When I first encountered her story a number of years ago, I believed that Rachel Corrie was a well-intentioned, profoundly idealistic young woman who was swept up in the a cause that she believed would free the “oppressed.” To some extent, I still believe this to be the case.

And yet, her motivations continue to fascinate.

Obviously no one can say they knew what motivated Rachel Corrie with absolute certainly, but Lee Harris suggests that people like Rachel harbor a “fantasy ideology.” To describe this, he discusses a personal encounter with an activist from another era.

My first encounter with this particular kind of fantasy occurred when I was in college in the late sixties. A friend of mine and I got into a heated argument. Although we were both opposed to the Vietnam War, we discovered that we differed considerably on what counted as permissible forms of anti-war protest. To me the point of such protest was simple — to turn people against the war. Hence anything that was counterproductive to this purpose was politically irresponsible and should be severely censured. My friend thought otherwise; in fact, he was planning to join what by all accounts was to be a massively disruptive demonstration in Washington, and which in fact became one.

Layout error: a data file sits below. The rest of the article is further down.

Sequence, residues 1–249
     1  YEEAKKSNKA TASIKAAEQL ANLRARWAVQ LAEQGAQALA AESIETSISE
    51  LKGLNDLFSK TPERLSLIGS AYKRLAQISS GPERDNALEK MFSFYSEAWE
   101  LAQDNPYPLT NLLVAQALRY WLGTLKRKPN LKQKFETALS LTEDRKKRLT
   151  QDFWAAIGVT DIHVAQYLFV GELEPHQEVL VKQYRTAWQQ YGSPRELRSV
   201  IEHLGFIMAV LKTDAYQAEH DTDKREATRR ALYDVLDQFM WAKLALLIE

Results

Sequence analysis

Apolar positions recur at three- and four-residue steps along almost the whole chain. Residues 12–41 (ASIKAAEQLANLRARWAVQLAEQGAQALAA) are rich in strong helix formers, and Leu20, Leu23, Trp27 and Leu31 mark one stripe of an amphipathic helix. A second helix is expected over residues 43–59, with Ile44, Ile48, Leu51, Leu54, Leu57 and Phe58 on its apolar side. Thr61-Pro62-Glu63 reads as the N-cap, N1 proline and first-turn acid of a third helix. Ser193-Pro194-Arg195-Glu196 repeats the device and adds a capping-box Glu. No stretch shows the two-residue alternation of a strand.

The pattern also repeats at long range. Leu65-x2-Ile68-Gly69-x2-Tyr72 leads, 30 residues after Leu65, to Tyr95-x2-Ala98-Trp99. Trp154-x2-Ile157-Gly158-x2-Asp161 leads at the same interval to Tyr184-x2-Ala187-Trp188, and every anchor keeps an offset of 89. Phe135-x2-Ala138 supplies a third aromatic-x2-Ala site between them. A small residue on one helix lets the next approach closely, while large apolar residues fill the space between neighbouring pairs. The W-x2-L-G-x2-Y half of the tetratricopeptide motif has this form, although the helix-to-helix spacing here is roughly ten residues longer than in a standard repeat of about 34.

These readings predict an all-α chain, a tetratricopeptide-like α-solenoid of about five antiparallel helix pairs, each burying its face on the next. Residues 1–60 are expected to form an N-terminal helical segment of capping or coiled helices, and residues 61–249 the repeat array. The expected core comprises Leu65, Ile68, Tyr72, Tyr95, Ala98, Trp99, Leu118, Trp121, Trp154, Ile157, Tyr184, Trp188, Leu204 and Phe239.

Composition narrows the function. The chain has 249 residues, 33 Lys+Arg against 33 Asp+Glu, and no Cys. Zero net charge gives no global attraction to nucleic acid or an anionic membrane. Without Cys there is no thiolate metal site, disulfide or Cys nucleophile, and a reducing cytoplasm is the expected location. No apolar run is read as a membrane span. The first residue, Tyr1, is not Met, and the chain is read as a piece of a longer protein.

My friend did not disagree with me as to the likely counterproductive effects of such a demonstration. Instead, he argued that this simply did not matter. His answer was that even if it was counterproductive, even if it turned people against war protesters, indeed even if it made them more likely to support the continuation of the war, he would still participate in the demonstration and he would do so for one simple reason — because it was, in his words, good for his soul.